Restaurant & Wine Review: Sheng Yong Xing in Shanghai

by Ian D’Agata

Sheng Yong Xing

5F, Bund 5,

20 Guangdong Road,



Tel. +86 021 63302885

The dishes

Snails and chili pepper

Sweet and sour flavoured crispy shrimp

Truffle flavoured abalone

Peking duck with caviar

Roast Beijing duck

One of Bejing’s, hence the world’s, best Peking duck restaurants arrived on Shanghai’s dining scene back in 2021 and it has never had to look back. Beautifully located in a Shanghai building well-known for its long association with high-end restaurants that have come and gone over the years (I am still in mourning for the loss of our beloved “M on the Bund”), the magical views of the Huangpu river and the Pudong skyline that the glitzy high-rise area of the Bund offers in spades is but one of the many aces up Sheng Yong Xing’s sleeve. The other aces? Outstanding food; superlative wine selection that is available at even more outstandingly fair prices; excellent service; and though that makes four aces right there, let’s imagine we are playing with two decks such that I can include a fifth ace, that of beautiful interior design. What all this adds up to is one of Shanghai’s ten best restaurants: and if duck is your thing, taking all those factors (aces) in consideration adds up to, in many respects, to this being Shanghai’s best restaurant, period. Clearly, if seafood is your preference then you’ll no doubt pick other restaurants as your top spots in the city, but I trust you get my point.

Sheng Yong Xing has established branches in Beijing (one in particular is an exceptional dining spot), but this newer outpost inside the Bund 5 has tongues wagging, salivary and gastric secretions flowing, and tastebuds titillated. Not surprisingly, there are numerous good restaurants specializing in duck in China (for example, Da Dong, Quan Ju De, and Siji Minfu), but Sheng Yong Xing really kicks things up another notch.

When you step out of the elevator on the fifth floor and into the restaurant’s outside space, a big fat Michelin macaron is there to greet you (the place has one Michelin star rating). But this Shanghai’s Sheng Yong Xing experience (there is another branch in the city’s Pudong district) starts the moment you turn left into the restaurant’s interior space, where they ask for your name and reservation before whisking you off to your table. Right off the bat, the ambiance is refined, the design sleek and modern, the atmosphere low-lit and played on tones of black and then more black, all of which makes it at once romantic and sleek. As you move in the narrow corridor towards your table in the spacious main dining room, you first pass by an area filled with wine bottles lying horizontally in a cool-looking Space Odyssey-like setting of racks and then past ducks hanging in full glossy view waiting to be roasted to a crisp in open-brick ovens off to the side. The staff is obviously very used to everyone stopping for a moment to take photographs and are quick to volunteer taking the photo for you, if you wish to have a graphic memory of yourself standing by the oven and the plucked birds.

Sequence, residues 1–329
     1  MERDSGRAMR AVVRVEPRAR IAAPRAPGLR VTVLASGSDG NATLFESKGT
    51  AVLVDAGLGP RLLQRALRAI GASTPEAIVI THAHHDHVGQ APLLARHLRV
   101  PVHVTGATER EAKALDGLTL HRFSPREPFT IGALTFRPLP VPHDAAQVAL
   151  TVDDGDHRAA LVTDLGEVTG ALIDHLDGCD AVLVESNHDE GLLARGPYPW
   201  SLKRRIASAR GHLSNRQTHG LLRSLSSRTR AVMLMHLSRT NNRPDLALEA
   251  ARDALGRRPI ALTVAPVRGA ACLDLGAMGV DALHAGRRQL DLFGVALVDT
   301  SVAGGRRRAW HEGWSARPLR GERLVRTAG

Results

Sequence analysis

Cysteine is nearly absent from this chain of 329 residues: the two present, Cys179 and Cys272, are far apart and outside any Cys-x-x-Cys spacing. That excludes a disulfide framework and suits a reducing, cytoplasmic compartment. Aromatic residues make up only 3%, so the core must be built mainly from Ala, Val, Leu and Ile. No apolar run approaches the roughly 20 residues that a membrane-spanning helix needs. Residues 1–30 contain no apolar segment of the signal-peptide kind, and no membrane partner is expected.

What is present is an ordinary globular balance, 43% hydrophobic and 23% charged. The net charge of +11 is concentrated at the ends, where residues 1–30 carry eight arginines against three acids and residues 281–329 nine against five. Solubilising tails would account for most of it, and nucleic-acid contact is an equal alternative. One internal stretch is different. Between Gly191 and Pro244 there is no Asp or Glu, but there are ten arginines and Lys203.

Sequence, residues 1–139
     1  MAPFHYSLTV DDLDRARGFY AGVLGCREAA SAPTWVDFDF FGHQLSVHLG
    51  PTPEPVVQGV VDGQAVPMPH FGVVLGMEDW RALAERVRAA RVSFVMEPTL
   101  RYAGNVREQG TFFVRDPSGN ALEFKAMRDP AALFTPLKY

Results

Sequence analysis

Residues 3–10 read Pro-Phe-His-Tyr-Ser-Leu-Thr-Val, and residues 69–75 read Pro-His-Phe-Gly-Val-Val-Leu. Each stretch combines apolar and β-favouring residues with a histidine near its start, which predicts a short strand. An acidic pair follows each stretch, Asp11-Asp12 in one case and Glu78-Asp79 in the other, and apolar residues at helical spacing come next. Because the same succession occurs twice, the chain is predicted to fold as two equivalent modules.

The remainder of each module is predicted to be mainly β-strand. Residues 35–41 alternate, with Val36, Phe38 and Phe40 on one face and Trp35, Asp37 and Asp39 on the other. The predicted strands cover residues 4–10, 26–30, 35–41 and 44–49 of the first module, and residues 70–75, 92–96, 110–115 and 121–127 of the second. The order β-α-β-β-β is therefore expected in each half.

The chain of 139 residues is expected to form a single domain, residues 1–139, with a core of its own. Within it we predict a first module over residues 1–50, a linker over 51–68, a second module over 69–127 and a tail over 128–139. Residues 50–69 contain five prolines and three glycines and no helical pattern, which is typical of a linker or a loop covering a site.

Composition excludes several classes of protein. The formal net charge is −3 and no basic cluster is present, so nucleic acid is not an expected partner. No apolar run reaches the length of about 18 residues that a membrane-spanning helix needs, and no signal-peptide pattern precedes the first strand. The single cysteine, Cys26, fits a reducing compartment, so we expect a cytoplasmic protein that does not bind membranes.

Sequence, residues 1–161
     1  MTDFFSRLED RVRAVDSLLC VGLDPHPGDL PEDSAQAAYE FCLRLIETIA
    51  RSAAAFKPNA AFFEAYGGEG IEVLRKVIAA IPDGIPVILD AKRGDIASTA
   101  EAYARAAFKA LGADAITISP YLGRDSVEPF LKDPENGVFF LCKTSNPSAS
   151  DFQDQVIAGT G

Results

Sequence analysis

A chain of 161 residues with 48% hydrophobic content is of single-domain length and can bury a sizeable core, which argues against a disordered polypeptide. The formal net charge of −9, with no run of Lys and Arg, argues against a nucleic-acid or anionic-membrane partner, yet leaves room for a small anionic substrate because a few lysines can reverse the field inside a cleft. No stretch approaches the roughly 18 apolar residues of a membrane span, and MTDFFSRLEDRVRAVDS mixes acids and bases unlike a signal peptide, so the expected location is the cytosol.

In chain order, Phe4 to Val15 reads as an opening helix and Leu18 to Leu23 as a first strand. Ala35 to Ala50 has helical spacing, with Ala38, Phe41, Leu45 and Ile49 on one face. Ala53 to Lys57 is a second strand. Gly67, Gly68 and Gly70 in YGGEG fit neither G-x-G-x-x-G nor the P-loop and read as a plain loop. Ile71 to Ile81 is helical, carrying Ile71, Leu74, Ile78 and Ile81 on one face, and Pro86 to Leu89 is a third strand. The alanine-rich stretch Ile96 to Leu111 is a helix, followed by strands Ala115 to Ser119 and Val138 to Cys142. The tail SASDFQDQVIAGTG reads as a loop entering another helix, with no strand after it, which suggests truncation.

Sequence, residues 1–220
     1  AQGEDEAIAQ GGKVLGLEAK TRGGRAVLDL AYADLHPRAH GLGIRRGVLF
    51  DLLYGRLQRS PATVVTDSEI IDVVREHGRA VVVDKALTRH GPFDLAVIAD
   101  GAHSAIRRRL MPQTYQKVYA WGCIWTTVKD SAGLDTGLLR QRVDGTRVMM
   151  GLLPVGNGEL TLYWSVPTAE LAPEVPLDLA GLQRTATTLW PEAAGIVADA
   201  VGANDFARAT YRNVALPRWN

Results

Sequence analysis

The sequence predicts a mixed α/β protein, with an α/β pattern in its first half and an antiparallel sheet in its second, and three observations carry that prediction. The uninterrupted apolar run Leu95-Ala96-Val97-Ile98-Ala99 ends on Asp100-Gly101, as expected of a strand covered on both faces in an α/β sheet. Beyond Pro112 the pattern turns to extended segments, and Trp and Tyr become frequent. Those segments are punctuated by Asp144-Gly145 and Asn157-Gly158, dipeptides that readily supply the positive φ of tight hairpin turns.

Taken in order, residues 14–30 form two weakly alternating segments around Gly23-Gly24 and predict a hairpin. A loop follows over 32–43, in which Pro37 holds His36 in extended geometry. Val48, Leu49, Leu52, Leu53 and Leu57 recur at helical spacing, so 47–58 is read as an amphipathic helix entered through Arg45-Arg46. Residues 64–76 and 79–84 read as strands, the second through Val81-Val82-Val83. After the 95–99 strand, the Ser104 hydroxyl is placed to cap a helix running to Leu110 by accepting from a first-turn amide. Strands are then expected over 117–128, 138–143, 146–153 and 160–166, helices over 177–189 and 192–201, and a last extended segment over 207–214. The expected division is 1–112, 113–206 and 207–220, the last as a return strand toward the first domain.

The sleek design continues on in the main dining room that, while dim, is not so ridiculously dark that you can neither see what you are eating nor your dining companion’s face. Large bay windows offer a gorgeous view of the river and the skyline, so do remember to ask for one of the tables in front of said windows at the time of your reservation (it’s really worth it). And though the view of the Bund is in and of itself something to marvel at, the rest of the décor is much more than an ode to a minimalist aesthetic. The restaurant’s elegance and seriousness is not there for it’s own sake, and it is further highlighted by the noteworthy distance at which tables are placed: in fact, you might say the people dining at the tables next to yours are so far away they might as well be in another country. That much said and admired, the actual noise level within the room is surprisingly not so hushed or even low, such that the acoustics are perhaps the only thing I would try to improve upon in what is an otherwise simply stellar dining destination.

The restaurant’s owner, Wang He, was born and raised in Heilongjiang, but moved to Beijing where he created the beginnings of his restaurant empire; from there, he then branched out in Shanghai. And while famous for his top-quality Beijing ducks, his goal has always been to also forward the merits of Beijing and Shandong (Lu) cuisines. “Lu” cuisine is the term now used to refer to the cuisines of Beijing and the Shandong province: from a historical perspective, it was Shandong chefs who brought their cuisine to Beijing where it was further refined, becoming one. Though it might surprise some of my readers to learn this, cooking ducks in China has always actually been most associated with Nanjing, China’s former capital, nicknamed the “Chinese duck capital”. Over time Beijing’s version of preparing duck has become even more famous (in the Beijing area, where it’s colder, ducks tend to be more fatty and are especially suited to roasting, while Nanjing ducks are leaner and are consumed in different ways, not just roasted; for example, the most typical way of consuming the bird there is in a salted duck preparation).